Shipping in Very Troubled Waters
Now that the New Year, except in China, is with us it is time to focus on shipping’s future in the troubled waters of the global economy.
Shipping has always been a vital ingredient in physical world trade, but never more so with the evolution of the industrial economies of Asia and the search for minerals and other raw materials in Africa and South America. This all while the movement of energy products, oil and gas, continues to expand.
Shipping is vital to all these activities as consumers and suppliers invariably live oceans apart. Yet despite its vitality and its unique ability to produce ships of many different types to meet demands of the trades, it has rarely ever been able to influence its own economics advantageously.
Shipping, like its operations, has always been an offshore business and today the vast majority of commercial ships are owned in offshore companies and trade under the flags of numerous open registries. Shipping also has a reputation for secrecy, enhanced by its corporate structures and until recently there we very few publicly traded shipping companies.
Shipping has always been a very personalized business and despite its global expansion, remains so today. It attracts entrepreneurs because of the volatility of the businesses it serves and the fact that there are few barriers to entry other than money.
Why then does shipping struggle to operate profitably, or even when it does, only succeed in doing so for short periods of time, followed by longer periods of extreme hardship?
This has been clearly illustrated recently when the 4 boom years of the last decade have been followed by 6 years of loss-making markets in nearly all sectors. This time however we have seen an enormous inflow of new equity capital and bank debt, expecting a return to the markets of the last boom, which is more visible and reliant on financial analysis than any previous group of investors.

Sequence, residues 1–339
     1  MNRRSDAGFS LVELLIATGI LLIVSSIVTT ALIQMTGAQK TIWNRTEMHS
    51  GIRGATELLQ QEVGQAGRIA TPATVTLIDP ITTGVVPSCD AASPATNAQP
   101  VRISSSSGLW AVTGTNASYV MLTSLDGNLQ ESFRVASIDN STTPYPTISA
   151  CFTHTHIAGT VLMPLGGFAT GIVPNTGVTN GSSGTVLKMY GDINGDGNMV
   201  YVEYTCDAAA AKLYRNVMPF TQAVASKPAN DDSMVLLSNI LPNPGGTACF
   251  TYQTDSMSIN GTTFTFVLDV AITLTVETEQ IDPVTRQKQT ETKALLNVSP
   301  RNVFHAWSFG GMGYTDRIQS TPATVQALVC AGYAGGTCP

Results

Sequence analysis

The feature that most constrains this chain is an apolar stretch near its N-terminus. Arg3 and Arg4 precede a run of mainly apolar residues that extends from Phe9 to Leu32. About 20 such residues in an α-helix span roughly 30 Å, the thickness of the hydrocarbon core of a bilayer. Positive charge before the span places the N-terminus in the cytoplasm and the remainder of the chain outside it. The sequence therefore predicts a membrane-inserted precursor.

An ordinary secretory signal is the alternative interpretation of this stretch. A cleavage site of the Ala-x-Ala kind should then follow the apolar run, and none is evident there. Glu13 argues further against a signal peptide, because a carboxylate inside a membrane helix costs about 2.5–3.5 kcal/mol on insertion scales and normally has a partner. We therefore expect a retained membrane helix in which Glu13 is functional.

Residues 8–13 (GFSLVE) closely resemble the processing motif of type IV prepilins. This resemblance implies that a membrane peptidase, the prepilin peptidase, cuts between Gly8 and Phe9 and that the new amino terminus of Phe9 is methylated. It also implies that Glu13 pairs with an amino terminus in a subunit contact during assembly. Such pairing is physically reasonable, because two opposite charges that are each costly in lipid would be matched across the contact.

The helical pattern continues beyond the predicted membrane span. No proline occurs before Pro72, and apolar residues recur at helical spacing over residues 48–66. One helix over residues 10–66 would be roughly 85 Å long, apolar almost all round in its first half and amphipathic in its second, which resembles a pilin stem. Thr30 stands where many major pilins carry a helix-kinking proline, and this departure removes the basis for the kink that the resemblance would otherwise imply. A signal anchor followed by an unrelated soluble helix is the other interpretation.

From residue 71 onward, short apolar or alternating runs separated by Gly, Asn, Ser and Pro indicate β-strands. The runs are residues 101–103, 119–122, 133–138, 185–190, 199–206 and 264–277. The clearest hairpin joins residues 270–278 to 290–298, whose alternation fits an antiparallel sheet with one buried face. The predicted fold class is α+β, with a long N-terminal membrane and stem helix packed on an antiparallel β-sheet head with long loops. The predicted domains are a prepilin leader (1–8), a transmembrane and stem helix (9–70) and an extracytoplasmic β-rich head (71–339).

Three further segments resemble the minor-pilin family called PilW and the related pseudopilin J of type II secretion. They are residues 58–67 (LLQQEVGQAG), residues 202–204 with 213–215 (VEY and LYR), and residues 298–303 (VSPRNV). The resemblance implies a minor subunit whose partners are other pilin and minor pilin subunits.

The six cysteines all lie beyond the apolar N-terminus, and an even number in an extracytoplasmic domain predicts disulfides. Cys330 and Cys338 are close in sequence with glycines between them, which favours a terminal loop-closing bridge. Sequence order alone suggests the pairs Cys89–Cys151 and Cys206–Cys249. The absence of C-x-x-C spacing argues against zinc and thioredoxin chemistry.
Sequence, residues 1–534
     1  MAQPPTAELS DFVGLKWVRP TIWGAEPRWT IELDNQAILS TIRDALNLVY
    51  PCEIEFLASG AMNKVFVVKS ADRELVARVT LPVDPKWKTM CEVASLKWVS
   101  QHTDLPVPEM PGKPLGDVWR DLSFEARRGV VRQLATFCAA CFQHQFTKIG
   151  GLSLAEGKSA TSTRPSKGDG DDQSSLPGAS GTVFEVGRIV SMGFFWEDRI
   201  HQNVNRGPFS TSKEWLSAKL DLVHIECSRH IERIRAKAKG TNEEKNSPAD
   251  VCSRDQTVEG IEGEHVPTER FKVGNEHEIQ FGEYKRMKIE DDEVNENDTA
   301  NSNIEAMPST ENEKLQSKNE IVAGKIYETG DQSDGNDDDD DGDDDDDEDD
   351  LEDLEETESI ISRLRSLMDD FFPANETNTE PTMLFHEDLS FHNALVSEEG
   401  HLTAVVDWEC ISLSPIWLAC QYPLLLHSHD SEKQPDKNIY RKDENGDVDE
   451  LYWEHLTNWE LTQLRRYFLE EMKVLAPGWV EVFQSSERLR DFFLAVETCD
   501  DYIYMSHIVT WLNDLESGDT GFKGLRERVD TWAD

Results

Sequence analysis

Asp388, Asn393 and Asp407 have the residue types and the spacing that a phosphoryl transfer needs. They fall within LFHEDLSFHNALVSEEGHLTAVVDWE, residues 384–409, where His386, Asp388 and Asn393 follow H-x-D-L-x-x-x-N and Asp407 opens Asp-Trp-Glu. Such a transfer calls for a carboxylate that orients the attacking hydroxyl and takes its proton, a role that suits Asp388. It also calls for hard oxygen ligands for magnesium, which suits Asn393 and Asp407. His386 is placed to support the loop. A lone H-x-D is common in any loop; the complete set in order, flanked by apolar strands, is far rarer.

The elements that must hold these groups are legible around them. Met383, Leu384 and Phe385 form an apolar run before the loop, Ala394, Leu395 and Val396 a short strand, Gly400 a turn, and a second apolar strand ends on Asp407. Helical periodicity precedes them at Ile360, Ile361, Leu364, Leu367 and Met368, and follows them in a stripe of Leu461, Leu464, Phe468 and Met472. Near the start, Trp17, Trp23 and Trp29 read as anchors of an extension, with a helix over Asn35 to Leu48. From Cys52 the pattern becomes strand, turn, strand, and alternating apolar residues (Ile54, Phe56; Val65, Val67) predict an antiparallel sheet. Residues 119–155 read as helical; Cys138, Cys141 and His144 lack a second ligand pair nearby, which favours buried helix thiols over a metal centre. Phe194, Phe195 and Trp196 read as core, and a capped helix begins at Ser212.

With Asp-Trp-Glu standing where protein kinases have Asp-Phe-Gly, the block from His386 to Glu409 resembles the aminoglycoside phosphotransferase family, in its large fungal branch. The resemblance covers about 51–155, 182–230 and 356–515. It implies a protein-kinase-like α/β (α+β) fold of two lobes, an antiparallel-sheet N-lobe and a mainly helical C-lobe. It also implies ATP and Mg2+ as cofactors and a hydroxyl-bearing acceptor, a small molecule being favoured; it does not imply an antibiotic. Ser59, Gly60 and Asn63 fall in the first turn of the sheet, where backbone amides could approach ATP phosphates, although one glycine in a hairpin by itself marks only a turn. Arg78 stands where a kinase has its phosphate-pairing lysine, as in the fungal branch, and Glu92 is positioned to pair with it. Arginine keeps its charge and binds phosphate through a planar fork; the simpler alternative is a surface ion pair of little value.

Shipping, mainly because of its uniquely personalized business relationships, does not beat to the analysts drum and the return to profitability will not come from some projected time cycle, but from the unpredicted changes in the economics of its customers.
As has always happened in the past, shipping’s new money sees no end to the boom and proceeds to order new ships to expand the size of the fleet. This ignores the fact that the boom profits only arose when the demand for shipping exceeded the supply of ships and itself was only a temporary imbalance.
Thus the majority of new money has invested in ordering new ships, or taking over orders from companies already in default, or even buying non-performing debt from troubled banks. Despite the fact that several thousand new ships have delivered in the past 5 years, few have traded profitably if one takes into account interest and depreciation which are the 2 main items excluded in EBITDA calculations.
With another 3,000 ships due to deliver in the next 2 years and with the existing fleets averaging only 9 years of age, thereby minimizing scrapping, the excess capacity will continue through the rest of this decade, unless there are unpredicted increases in customer’s economics.
The customers are struggling in troubled waters of their own with China leading the way in rationalizing its future expansion while coping with the excesses of the past. It now however has enormous capacity to build ships and recognizes that continuing to do so will control the transport costs of its raw material and energy imports as well as the export of its manufactured goods. The Japanese did this very successfully in the 70s and 80s.
Of even greater concern is the sudden collapse in the price of crude oil, which while reducing the price of bunkers, highlights the fact that oil customers are consuming less. The enormous expansion of oil production in the US coupled with the imports from Canada and the future growth from Mexico may well remove the market for other US imports. This coupled with China’s and Europe’s reduction of oil imports and their increase in the use of LNG renders the outlook for the large crude carriers as very bleak. The analysts will falsely look to the use of VLCCs for storage, which at its upmost limit might occupy 2% of the fleet, which is due to grow by 14% in the next 2 years.
The large dry markets are a disaster with Iron ore at its lowest price for 10 years and yet demand is back to pre-boom levels. Unlike other industry’s fixed assets, ships do not stop working when their owners go bankrupt. Instead they are sold to new owners at the lower market prices and continue to carry the cargoes they were designed for at cheaper rates, thereby maintaining the excess capacity.
Shipping looks to continue its unprofitable activity for some time to come and the new money will suffer more than the old money.
Paul Slater is Chairman at First International Corp, a global financial consulting firm. He has previously contributed to the MarEx newsletter.
Editor’s Note: The opinions expressed herein are the author’s and not necessarily those of The Maritime Executive.
The opinions expressed herein are the author's and not necessarily those of The Maritime Executive.